– Erin

Both vinegar and baking soda will work here, but do not add both as they react together.

If you choose to use baking soda, mix that right into your laundry soap mix. Add an equal amount of baking soda as you do borax to your mix and you’ll be fine.

If you choose to add vinegar, add vinegar to your laundry softener compartment before each load – half a cup will do just fine.

Both of those things will help a lot with laundry odor. Don’t do both, though, unless you want a ton of foam everywhere.

Q9: Uber basics

I am all signed with Uber to be a driver. How do I know if there are driving opportunities?
– Aaron

I’d suggest watching this Uber driver training video to help you get started on what you need to do. Once you’re all signed up, the app will tell you if there are driving opportunities nearby and you just snag them as they pop up.

Having talked to a few people who do occasional Uber driving, they tend to be able to constantly find driving opportunities in busy areas, but they get rarer when you’re away from downtown areas or airports.

For those unfamiliar with this, Uber is essentially a taxi service except that people in normal cars do the driving and you contact these drivers using a smartphone app. It’s kind of an alternative to the taxi system.

Q10: IRA basics

Your blog, and most other personal finance blogs out there, recommend using Vanguard for your investments. However, I see very little about how to structure these accounts within Vanguard, particularly for a couple. Can you help?

Do my wife and I each have to create separate accounts? Can some accounts be linked together anyway because they are shared investments? Is it possible to create multiple IRA accounts, so I don’t have to keep all of my rollovers together in one account? I love how at Ally and most banking sites, you can have multiple accounts, and I would like to do the same with Vanguard, so that I can separate my investment funds.

I just read JL Collins new book, The Simple Path to Wealth, and he talks about just needing a handful of funds, but without any detail about how to set them up correctly. Can you buy two different mutual funds (Stock index fund and bond index fund) within 1 IRA account, or do you need an IRA account for each separately?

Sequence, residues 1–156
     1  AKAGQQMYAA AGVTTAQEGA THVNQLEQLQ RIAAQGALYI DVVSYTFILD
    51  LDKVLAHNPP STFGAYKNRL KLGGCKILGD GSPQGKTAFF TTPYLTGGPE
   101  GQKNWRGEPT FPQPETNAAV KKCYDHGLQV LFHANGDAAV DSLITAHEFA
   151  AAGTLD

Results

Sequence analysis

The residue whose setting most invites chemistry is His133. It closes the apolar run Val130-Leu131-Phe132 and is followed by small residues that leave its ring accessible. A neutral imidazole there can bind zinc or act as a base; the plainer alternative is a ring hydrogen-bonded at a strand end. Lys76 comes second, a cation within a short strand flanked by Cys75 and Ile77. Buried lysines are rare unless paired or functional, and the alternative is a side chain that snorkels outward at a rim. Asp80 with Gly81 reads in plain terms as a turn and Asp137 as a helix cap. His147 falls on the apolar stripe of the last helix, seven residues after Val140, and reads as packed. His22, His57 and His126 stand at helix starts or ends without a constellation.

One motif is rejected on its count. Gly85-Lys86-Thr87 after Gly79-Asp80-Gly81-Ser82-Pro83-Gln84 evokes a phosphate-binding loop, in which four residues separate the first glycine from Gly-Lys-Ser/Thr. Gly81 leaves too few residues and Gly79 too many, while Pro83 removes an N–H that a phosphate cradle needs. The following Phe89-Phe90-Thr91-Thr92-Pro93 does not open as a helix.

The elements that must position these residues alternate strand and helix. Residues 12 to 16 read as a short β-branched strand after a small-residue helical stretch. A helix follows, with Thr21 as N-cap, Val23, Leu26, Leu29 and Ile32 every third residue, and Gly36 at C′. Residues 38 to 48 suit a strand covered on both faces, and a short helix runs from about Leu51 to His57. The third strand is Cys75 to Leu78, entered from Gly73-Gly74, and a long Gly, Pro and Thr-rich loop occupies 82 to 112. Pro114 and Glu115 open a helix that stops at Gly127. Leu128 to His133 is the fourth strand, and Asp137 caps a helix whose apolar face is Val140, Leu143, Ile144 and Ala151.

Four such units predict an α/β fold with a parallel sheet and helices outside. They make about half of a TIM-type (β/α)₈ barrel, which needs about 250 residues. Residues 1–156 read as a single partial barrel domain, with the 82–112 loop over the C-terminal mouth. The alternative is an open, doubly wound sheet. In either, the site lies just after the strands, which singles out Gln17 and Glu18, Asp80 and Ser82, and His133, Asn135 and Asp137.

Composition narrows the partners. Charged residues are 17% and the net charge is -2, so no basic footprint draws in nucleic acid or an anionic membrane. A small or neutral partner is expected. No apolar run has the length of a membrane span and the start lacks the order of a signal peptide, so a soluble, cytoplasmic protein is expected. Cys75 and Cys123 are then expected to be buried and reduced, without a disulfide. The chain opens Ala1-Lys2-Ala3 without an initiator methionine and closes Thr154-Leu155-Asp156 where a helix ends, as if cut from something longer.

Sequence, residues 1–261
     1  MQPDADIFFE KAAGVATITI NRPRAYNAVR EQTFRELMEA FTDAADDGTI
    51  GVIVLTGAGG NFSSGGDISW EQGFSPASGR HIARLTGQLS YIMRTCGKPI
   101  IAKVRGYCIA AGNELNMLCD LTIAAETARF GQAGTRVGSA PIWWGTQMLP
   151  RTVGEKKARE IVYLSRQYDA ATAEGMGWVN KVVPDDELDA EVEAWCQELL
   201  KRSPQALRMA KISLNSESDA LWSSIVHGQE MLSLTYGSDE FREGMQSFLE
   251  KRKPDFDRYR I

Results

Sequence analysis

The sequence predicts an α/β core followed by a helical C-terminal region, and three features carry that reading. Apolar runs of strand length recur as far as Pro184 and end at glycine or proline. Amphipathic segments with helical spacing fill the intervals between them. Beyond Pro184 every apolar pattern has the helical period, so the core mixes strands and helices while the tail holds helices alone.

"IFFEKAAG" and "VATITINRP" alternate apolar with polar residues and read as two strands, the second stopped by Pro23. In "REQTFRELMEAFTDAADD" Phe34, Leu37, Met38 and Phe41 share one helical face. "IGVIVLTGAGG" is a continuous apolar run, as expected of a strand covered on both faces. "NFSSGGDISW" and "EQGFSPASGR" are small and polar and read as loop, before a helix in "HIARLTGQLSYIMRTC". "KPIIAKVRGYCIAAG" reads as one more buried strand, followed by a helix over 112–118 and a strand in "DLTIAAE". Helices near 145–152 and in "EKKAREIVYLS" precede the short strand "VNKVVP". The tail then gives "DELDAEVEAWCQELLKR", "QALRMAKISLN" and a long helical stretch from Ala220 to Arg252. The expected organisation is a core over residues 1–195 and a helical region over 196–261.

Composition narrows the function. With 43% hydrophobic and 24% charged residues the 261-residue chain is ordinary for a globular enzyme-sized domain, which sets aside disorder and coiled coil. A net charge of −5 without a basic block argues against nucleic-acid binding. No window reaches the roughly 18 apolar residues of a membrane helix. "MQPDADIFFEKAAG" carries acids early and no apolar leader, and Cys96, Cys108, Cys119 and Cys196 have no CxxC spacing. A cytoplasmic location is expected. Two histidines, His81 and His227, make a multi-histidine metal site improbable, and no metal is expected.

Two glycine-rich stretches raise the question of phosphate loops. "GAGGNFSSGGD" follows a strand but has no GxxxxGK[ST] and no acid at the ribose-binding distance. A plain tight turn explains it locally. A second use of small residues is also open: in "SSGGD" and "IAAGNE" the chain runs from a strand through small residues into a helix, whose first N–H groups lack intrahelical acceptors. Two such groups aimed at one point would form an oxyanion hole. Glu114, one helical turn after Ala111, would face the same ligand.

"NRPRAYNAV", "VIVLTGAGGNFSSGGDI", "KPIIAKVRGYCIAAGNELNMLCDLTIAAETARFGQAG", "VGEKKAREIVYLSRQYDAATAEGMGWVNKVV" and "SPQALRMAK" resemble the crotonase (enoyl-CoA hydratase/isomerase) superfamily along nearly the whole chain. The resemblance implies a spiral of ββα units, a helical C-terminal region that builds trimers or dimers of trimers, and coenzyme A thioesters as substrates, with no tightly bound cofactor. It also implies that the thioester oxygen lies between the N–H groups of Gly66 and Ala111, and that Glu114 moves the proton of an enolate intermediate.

– Bill

You each need to create separate accounts (as far as I can tell), but you can give each other permission to view the holdings and settings for each other’s accounts within Vanguard. Just visit the “Account Settings” link, then click on “Account Permissions” within there and it’s very straightforward.

You can buy as many funds as you want within a single IRA. You do not need separate IRAs for each fund that you want to buy, unless you want to set up another IRA with another investment firm because you want, say, a Fidelity fund and a Vanguard fund without paying brokerage fees. If all of your funds that you want are at Vanguard, then you can hold them all within a single Vanguard IRA.

You absolutely can have multiple IRAs, but they are effectively treated as one for tax purposes and contribution limits by the IRA. It also makes management more time consuming. Unless you have a strong investment-related reason to do so, you’re far better off investing the time to get everything together in one place so you don’t have to constantly deal with it in the future.

Q11: Disney Rewards Visa question

One of my friends say she is earning excellent ‘rewards’ with a Disney rewards Visa. What do you think of these cards? Good or no? I currently use a hotel rewards Visa with the IHG rewards and earn lots of free nights by running household expenses through this card. I would like to earn ‘rewards’ for our upcoming Disney vacation but I hesitate to apply for a new card and switch from my current IHG card. Just thought I’d ask your thoughts on this.
– Marilyn

The actual rate you earn is reasonable – 2% on most purchases and 1% on everything else – but the reward you earn is pretty restrictive. The card appears to pay out rewards in the form of “Disney Dream Reward Dollars,” which is basically credit for things on your Disney vacation.